James Beattie (footballer)
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James Scott Beattie (born 27 February 1978) is an English football coach and a former professional footballer who played as a striker. He is currently the assistant manager at EFL Championship club Sheffield Wednesday, rejoining Garry Monk's backroom staff having previously worked with him at Birmingham City, Middlesbrough, Leeds United and Swansea City.
Beattie (right) in 2004
|Full name||James Scott Beattie|
|Date of birth||27 February 1978|
|Place of birth||Lancaster, England|
|Height||6 ft 1 in (1.85 m)|
|2011||→ Blackpool (loan)||9||(0)|
|* Senior club appearances and goals counted for the domestic league only|
Born in Lancaster, Lancashire, he came through the ranks at Blackburn Rovers, eventually signing professionally for them in 1995. Beattie then went on to have spells at Southampton, Everton, Sheffield United, Stoke City, Rangers, and a short spell on loan at Blackpool, before eventually returning to Sheffield United for a second term. When signed by Everton, and for his first spell at Sheffield United, he commanded the highest fee ever paid for a player by each club at that time.
Born in Lancaster, Lancashire, Beattie was a gifted pupil and attended the Queen Elizabeth's Grammar School. He was a very good swimmer, rated second in the country at the 100 metres freestyle at 14, but he dropped swimming in favour of football after damaging the cartilage tissue on his shoulder.
He went on to represent his school, and play for Blackburn Schools, before joining Blackburn Rovers as a trainee on 7 March 1995.
He made his first-team debut for Blackburn Rovers in October 1996, in a 2–0 home defeat against Arsenal. He had made only seven first-team appearances, and had yet to score a goal, when, in the 1998 close season, he was transferred to Southampton.
He joined Southampton in July 1998 valued at £1 million, as a make-weight part of the deal that took Kevin Davies to Ewood Park for a £7 million fee. Beattie's initial impact was positive, earning him the club's Player of the Season award as he helped the Saints stave off relegation. His second season was hampered by a series of injuries, but in November 2000 he began a long goalscoring run. After 18 months without a goal, he scored 10 in 10 matches, lifting Southampton into a comfortable position, and securing their place in the Premier League for the next season. His form then deserted him once again, and he scored only two goals during the remainder of the season.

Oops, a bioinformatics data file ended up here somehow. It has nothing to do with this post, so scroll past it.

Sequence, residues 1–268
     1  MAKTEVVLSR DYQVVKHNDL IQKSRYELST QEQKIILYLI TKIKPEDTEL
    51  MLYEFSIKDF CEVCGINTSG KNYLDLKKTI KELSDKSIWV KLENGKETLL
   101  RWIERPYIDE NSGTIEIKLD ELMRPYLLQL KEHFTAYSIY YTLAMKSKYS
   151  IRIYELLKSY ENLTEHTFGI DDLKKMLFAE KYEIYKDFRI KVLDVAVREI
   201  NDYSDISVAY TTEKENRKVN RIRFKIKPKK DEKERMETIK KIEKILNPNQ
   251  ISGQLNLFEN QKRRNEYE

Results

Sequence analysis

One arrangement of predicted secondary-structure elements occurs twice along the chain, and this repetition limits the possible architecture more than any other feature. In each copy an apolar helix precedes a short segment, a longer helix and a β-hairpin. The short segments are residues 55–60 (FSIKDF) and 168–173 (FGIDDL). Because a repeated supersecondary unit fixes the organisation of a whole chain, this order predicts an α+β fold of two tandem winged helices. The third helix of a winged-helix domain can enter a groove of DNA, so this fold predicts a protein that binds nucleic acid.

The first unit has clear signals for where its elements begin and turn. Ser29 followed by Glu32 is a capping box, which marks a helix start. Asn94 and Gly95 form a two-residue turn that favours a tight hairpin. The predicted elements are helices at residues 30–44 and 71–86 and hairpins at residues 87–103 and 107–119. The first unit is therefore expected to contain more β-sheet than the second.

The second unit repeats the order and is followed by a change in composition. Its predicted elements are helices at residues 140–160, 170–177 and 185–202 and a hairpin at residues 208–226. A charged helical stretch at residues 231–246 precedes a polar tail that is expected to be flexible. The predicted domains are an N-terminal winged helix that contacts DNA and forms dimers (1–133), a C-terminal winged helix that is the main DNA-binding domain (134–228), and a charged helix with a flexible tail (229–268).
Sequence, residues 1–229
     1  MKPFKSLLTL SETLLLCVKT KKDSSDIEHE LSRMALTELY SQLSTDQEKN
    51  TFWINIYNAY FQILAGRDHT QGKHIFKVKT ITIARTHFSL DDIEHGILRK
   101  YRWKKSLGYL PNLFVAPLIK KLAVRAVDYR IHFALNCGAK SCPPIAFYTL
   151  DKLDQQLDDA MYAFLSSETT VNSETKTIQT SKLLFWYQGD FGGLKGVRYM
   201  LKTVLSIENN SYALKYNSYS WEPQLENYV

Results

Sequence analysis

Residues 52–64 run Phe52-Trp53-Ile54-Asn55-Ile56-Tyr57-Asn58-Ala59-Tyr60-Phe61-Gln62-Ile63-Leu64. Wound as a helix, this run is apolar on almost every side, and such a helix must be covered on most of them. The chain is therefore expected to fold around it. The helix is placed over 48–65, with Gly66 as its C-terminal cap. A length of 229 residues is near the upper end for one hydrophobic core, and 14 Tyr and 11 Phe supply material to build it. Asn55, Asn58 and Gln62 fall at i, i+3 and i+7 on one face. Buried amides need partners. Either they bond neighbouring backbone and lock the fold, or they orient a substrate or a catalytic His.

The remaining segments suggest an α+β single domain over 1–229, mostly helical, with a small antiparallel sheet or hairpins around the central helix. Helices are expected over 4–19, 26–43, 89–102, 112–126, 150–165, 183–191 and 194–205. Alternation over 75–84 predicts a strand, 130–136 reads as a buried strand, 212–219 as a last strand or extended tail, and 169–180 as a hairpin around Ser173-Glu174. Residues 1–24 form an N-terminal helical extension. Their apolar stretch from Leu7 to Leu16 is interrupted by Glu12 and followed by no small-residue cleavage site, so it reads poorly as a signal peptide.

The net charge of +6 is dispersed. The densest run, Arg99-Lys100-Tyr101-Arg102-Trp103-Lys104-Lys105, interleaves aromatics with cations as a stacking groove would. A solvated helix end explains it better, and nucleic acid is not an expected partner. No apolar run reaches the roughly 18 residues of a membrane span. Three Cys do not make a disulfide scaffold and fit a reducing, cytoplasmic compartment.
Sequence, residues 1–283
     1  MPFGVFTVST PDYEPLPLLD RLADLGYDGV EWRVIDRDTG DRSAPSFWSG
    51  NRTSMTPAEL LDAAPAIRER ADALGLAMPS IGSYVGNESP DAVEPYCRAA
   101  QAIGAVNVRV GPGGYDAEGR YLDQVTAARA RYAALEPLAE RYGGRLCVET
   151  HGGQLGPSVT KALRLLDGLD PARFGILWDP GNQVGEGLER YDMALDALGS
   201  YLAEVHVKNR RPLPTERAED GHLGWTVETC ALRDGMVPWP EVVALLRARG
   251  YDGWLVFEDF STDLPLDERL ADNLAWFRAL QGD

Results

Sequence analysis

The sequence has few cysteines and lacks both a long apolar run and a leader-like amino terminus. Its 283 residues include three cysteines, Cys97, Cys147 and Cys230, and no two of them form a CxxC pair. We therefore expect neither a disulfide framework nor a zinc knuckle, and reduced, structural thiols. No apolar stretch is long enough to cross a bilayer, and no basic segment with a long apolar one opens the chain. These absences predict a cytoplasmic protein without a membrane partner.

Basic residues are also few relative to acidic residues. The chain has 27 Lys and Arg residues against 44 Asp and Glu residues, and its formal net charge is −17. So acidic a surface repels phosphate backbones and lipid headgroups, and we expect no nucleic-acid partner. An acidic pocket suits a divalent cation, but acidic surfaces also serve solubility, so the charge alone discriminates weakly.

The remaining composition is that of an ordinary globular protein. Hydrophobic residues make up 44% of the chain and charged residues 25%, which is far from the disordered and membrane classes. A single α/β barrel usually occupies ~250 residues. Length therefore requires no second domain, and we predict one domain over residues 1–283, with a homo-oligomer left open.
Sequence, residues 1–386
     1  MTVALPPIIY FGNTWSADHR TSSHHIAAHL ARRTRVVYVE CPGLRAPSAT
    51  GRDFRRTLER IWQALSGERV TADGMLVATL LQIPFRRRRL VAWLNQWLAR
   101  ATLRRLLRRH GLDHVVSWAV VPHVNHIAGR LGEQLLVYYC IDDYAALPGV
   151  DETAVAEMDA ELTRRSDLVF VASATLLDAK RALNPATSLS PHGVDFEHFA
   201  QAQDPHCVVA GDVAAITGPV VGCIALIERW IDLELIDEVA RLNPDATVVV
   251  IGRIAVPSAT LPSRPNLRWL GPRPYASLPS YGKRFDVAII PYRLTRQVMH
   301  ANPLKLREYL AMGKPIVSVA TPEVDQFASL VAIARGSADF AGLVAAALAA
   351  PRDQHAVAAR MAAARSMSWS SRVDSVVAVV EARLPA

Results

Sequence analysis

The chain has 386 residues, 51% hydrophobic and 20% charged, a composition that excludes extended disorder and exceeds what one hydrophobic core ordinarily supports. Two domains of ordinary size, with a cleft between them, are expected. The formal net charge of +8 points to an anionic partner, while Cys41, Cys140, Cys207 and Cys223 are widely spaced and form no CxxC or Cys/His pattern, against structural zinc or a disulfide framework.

Beattie was awarded a new four-year contract in March 2001. However, he failed to score in the remainder of the 2000–01 season, or in the first five Premier League matches of the next – a run that eventually totalled 17 matches. He returned to scoring form at the end of September 2001, and he ended 2001–02 with an impressive total of 14, despite a two-month spell on the sidelines, the result of an ankle injury which he sustained in a match against Manchester United in January 2002.
In 2002–03, Beattie scored 23 league goals, making him the third-highest Premiership goalscorer (and the highest English goalscorer) for that season. His fine form helped Southampton reach the 2003 FA Cup Final, their first since victory in 1976. Southampton lost 1–0 to Arsenal and Beattie had to settle for a runners-up medal.
Beattie found it difficult to settle at Everton, and, in only his fifth Premier League appearance for the club, he was sent off for a headbutt on Chelsea defender William Gallas, leading to an automatic three-match suspension, and this, combined with a series of injuries, severely limited his contribution during what remained of 2004–05.
The 2005–06 season saw an improvement: Beattie was Everton's top scorer, with ten goals in the Premier League and one in a 2–1 home defeat against Villarreal in the qualifying stages of the UEFA Champions League. Villarreal also won their own home leg 2–1, meaning Everton progressed no further.
During 2006–07, Beattie found himself peripheral to the plans of Everton boss David Moyes. He made 33 Premier League appearances, but 18 of them were from the substitutes' bench, and managed only two goals, the second of those coming in October, after which he failed to find the net again. Out of favour, it was reported that Blackburn Rovers were interested in signing him for a second spell, followed by news that Sheffield United were interested in securing his services.